By JACOB TRASK
I was almost eight years old when I went to Tropicana Field for the first time. There aren’t too many things I remember in such great detail that I’m positive I’ll remember them forever, but my first encounter with this bulky, white dome of a stadium was a memorable one. Walking up the stairs in right field, seeing the sparkling floodlights on top of the dome that fiercely lit the field, and breathing in the crisp 72 degree air is a moment that will never escape me.
It was the week of my birthday and my dad bought us tickets to the opening day game against the Yankees. We sat against the wall in left field, and for three hours and nine innings, I was in awe, completely enthralled by this baseball wonderland I found myself in towards the end of my seventh year. The lights, the screaming fans, the echoing cracks of the bat at home plate. It was a kind of heaven that I’d never even imagined, and it was Tropicana Field. 13 years later, what I once thought was the greatest place I’d ever laid eyes on is commonly known as one of the worst major league baseball stadiums in the country.
Sports bloggers almost unanimously peg the Trop as last on the list of MLB stadiums. They heavily criticize many different parts of the stadium, from its lack of atmosphere to its impractical catwalk and historically atrocious food reviews. I’m 21 years old now, and I can see why the Trop gets a bad wrap, but I still remember how amazing the venue was to me so long ago, which is why I defend it.
As for it’s lack of atmosphere, the Trop takes flack because of it’s inability to sell tickets, which is something that journalists pick and prod at when they talk about it, but they always act as if it’s the stadium’s fault, which just isn’t fair. The Rays constantly rank lowest on the list in crowd attendance. This year, they averaged 15,670 tickets sold per game, which is almost three thousand lower than 29th ranked Oakland, but it isn’t because of the conditions of the Trop, it’s because of its placement.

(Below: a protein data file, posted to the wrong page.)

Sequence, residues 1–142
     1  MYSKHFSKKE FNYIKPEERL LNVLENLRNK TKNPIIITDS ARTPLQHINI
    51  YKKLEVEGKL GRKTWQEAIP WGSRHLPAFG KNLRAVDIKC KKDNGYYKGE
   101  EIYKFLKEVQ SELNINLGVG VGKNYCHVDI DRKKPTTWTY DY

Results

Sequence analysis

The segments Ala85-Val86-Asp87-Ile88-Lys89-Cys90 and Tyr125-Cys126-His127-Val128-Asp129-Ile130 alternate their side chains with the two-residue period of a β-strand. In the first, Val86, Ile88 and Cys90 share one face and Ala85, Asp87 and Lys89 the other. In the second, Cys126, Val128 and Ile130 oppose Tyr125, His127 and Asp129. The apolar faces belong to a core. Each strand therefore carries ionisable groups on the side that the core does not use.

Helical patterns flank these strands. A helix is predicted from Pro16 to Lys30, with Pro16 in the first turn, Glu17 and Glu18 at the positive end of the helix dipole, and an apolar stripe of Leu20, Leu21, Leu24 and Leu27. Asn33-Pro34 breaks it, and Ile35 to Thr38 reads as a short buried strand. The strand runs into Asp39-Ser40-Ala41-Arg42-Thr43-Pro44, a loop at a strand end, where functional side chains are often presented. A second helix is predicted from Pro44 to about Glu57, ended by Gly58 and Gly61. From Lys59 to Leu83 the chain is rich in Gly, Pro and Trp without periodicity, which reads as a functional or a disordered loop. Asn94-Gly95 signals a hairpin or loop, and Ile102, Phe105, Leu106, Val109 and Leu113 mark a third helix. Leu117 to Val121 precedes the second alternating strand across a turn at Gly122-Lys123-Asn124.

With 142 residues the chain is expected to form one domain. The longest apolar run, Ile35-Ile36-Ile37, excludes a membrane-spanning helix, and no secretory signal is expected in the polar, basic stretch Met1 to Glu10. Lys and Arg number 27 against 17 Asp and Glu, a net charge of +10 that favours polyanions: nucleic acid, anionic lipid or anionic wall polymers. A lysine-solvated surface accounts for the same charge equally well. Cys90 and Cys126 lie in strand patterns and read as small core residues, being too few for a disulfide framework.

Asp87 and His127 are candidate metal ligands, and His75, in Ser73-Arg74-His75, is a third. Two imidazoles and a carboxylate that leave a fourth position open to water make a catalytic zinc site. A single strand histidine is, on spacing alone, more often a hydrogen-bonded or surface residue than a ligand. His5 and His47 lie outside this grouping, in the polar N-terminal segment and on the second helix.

Tropicana Field is on the bottom of the St. Petersburg peninsula, but it’s home of the Tampa Bay Rays. Although St. Pete is a large part of the Tampa Bay area, it’s not easy to get to from the rest of Tampa Bay. From downtown Tampa, it can take an hour to get to the Trop with heavy traffic, which means it can take almost an hour an a half or longer from Riverview and Brandon area. Now the Rays have been proven to have historically high TV ratings, which means their fanbase is there, and their attendance just proves that Tropicana Field is in the wrong place.
There have been talks of moving the Rays’ stadium to downtown Tampa, which would put it right in the middle of the bay area, but it’s pretty unclear if or when that might happen. If it did, the Rays would likely make a significant jump in attendance. That means no more tarps over empty 3rd deck sections and a much more pleasant atmosphere at a Rays game.
A move would also mean no more dome, and no more infamous catwalk. The catwalk at Tropicana Field has been an obstacle for plenty of teams, and even has its own set of rules within major league baseball. It’s rings have made for some extremely odd plays, and are highlighted as one of the biggest issues of the stadium.
With a new park in downtown Tampa, the Rays would likely have a retractable dome, which would be perfect for Tampa summers. On sunny days, the dome pulls away, and when it rains, the dome will be put back. Plenty of other stadiums currently use retractable domes, and if any team really needs one, it’s the Rays.